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#1 jeneferlopez7

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Posted 06 January 2013 - 05:32 AM

Well guys i am new on this forum. I am a business woman. i want to start here a discussion on Dead Sea Scroll Because we are a big seller of Dead sea scroll and want to know some ideas of people what they are think.
I will talk more after getting some reply.

Our Website Where you  can get more Detail about Dead Sea Scroll
http://www.biblicalreproductions.com/



#2 MysticalCookie

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Posted 02 July 2013 - 11:50 PM

I've seen them and though a wonderful presentation of old world. I found myself realizing that the bible was political back then because it's different parts of multiple bibles



#3 terryfingt

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Posted 22 July 2013 - 01:39 PM

This person was a bot, you know.

 

I'm not sure how you concluded that the bible was political when it was contemporary from the dead sea scrolls, but you did arrive at the correct conclusion.  As well, I'm not sure how you got that it was part of multiple bibles from the scrolls as they portray only one view of things, but again you are correct; there were multiple bibles before the canonization by Alexander the Great.

 

What will really twist your nipples is when you discover that literally every single concept in the bible except for the book of Ruth was plagiarized from other sources, except for several books that are no longer in the bible.  It's curious that they tossed out so much original works in favor of stolen stories and call it the truth.



#4 Rhuen

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Posted 22 July 2013 - 03:56 PM

The fact it was a bot is why so few people have posted here. No point in having a discussion with something that is just leaving links on various sites.

 

wasn't the canonization done by Charlamagne the Great?

 

and yes, pretty much the whole thing took elements from various sources, thus is the story behind pretty much every written religion. Even Greek Mythology can be traced back to numerous sources from different regions being grouped together into an "accepted" version. Hell, Posieden predates Zeus in Pre-Hellinistic Greece as the chief diety. Many creation and divine war stories are really stories of different groups with different religious beliefs fighting and the winner telling the story.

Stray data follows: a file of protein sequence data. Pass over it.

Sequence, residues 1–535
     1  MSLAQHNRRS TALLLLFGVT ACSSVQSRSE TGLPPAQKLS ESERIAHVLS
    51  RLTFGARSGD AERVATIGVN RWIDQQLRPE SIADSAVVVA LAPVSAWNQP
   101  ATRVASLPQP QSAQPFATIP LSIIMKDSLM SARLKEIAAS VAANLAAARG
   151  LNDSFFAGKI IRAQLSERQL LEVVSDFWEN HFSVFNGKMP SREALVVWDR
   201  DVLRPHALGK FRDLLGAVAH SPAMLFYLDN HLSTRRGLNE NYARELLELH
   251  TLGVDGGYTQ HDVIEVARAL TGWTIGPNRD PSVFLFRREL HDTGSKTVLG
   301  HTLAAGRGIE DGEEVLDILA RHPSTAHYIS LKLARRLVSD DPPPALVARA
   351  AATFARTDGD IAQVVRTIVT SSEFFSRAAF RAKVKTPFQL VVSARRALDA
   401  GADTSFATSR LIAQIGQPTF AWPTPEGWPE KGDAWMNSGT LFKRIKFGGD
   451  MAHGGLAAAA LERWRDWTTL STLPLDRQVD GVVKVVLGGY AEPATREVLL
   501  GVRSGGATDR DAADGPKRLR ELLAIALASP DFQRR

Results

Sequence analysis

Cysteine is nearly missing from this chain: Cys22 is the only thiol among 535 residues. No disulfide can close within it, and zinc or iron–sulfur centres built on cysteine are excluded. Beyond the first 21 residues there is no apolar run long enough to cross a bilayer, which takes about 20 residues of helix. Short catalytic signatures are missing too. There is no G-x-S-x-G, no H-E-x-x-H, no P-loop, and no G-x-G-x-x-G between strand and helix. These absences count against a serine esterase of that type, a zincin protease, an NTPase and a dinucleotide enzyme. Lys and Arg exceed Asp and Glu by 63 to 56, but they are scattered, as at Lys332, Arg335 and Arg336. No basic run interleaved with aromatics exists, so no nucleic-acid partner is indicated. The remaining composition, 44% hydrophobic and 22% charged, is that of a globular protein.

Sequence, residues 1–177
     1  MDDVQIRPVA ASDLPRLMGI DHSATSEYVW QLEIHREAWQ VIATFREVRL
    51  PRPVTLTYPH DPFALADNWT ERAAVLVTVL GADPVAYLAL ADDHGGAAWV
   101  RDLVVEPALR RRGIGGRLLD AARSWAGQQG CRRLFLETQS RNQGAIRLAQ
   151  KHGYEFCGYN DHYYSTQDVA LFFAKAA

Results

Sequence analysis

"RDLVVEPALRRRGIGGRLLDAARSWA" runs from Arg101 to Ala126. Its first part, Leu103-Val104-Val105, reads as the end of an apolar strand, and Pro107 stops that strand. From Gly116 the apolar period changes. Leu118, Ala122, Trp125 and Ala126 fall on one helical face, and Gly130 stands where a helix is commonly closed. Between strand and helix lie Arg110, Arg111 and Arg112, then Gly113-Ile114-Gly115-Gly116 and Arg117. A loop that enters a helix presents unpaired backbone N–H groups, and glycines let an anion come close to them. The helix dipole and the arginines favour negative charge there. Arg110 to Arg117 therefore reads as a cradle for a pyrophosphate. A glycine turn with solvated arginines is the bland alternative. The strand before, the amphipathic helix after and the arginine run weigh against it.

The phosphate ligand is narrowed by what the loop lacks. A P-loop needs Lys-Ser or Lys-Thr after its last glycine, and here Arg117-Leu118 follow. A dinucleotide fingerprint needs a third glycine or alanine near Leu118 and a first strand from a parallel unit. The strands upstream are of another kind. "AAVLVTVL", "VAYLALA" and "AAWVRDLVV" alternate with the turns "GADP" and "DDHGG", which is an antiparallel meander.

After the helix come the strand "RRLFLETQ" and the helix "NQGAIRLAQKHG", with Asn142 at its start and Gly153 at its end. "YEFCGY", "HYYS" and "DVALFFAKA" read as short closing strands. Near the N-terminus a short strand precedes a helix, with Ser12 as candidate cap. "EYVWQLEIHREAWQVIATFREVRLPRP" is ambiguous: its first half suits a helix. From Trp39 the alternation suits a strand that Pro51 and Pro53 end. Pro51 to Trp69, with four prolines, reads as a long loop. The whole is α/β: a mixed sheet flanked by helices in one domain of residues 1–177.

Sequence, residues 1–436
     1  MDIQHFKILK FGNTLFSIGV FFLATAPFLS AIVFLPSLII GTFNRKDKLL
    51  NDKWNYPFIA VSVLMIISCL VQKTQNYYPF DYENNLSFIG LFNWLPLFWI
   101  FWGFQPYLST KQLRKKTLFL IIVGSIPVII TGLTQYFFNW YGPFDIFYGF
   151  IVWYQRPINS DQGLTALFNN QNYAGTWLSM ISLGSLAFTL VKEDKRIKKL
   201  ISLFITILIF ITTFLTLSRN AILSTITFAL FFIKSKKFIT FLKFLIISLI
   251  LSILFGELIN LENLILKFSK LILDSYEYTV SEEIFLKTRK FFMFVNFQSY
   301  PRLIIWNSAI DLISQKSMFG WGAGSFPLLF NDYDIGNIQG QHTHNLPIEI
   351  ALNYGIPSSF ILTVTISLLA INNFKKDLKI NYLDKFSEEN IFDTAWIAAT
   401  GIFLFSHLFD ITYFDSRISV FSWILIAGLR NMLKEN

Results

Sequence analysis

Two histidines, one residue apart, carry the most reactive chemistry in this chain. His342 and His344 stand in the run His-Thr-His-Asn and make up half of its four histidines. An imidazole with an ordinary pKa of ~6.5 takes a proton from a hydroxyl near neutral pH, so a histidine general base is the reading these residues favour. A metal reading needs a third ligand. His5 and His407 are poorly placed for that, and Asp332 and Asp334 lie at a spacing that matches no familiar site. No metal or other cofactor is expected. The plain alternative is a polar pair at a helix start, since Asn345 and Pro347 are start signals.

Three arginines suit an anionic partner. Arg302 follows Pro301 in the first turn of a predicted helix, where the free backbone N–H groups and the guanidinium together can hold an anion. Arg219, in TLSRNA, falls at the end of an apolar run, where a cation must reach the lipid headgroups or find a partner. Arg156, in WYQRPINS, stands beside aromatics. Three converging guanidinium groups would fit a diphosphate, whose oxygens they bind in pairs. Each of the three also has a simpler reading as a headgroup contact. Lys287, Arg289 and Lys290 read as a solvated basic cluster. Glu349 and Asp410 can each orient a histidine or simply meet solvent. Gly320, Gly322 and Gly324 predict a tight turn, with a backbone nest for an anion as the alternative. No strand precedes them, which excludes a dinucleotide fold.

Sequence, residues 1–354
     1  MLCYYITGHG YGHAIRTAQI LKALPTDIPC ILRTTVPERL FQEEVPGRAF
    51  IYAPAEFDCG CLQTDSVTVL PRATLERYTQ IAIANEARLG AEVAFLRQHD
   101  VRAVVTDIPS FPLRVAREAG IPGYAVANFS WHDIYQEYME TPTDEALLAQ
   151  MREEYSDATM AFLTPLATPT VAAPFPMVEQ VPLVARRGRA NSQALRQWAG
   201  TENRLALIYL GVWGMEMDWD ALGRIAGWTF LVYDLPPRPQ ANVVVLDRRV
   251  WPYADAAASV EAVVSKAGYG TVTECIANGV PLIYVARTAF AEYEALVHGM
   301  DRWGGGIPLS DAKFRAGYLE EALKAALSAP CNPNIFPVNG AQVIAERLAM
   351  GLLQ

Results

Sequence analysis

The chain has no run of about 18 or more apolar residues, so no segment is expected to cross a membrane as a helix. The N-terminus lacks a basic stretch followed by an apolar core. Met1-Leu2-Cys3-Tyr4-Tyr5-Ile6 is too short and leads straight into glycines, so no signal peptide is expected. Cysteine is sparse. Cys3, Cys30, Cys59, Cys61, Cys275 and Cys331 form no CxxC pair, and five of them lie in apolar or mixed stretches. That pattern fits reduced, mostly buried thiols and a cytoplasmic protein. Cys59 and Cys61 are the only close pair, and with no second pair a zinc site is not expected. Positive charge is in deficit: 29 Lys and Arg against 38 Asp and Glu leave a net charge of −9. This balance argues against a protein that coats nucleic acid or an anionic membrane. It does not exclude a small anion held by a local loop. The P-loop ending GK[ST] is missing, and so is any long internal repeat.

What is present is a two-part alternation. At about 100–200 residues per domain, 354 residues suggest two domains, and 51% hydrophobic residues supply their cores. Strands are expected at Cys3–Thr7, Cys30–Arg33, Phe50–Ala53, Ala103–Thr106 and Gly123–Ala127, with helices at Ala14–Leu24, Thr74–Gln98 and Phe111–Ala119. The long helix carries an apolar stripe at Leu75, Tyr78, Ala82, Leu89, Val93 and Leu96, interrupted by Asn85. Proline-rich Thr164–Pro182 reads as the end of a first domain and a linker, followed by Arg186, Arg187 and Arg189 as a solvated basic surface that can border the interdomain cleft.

Even Abrahamic,

on side we had the worshippers of Baal Peor, and on the other the worshippers of Yahweh.

 

as the Yahweh worshippers spread and became the larger more influential group their story became dominant and they pretty much wiped out the "heathens" and destroyed this other tribe's texts. What little survives paints the story of a "Yah" God that was evil and the enemy of Baal.

 

The best surviving direct example of this common feud is the Devas vs Asuras, in which the two sides moved away from each other. We today see one side that viewed the Devas as good and the Asuras as evil, and the other side vice versa.

 

Norse Mythology, the Aesir gods surplanted the Vanir gods is too taken as one culture defeating another and changing the roles of their gods.

 

hell, most demons in demonology are actually various European pagan gods the church goers who wrote those books decided to paint as evil. (in ultimate comedy at one point someone tried to declare Zeus a personification of the devil).



#5 terryfingt

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Posted 22 July 2013 - 04:03 PM

We were both wrong, actually.  It was Constantine that canonized the bible.



#6 Rhuen

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Posted 25 July 2013 - 11:30 AM

We were both wrong, actually.  It was Constantine that canonized the bible.

 

***

 

oh right,



#7 Arawan

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Posted 02 August 2013 - 01:45 AM

We were both wrong, actually.  It was Constantine that canonized the bible.

 

 

***

 

oh right,

 

Coming in late to the conversation here but anyway. It is a misconception that Constantine canonized or the Council of Nicaea that he called did so either. What Constantine did do is commission several bibles and the hastened the ended of the discussion. However, by that point all the major books of the New Testament had already been widely promulgated and there was very little to discuss. In fact, the Catholic Church as a whole used almost identical bibles for over 1200 years before an actually canonized list came out of the Council of Trent. And that council only issued one because of the new found Protestant movement. That debate boiling down to three books and a handful of passages. 



#8 terryfingt

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Posted 05 August 2013 - 01:48 PM

If you'll examine the dates on what you just said you'll see something interesting, Arawan.

 

The Canon of Trent was issued by the Council of Trent as you said.  That happened between 1545 and 1563.

 

The First Council of Nicaea was held in 325.

 

You said that the Catholic Churches have been using almost identical bibles for over 1200 years.

 

1545 - 1200 = 345.  Over 1200 years puts the origin of the bible that the Catholic Church at the same time the First Council of Nicaea was held.  In other words, they took their bible from the FCoN, which happens to be the same bible that Constantine had made.



#9 Arawan

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Posted 09 August 2013 - 11:30 PM

If you'll examine the dates on what you just said you'll see something interesting, Arawan.

 

The Canon of Trent was issued by the Council of Trent as you said.  That happened between 1545 and 1563.

 

The First Council of Nicaea was held in 325.

 

You said that the Catholic Churches have been using almost identical bibles for over 1200 years.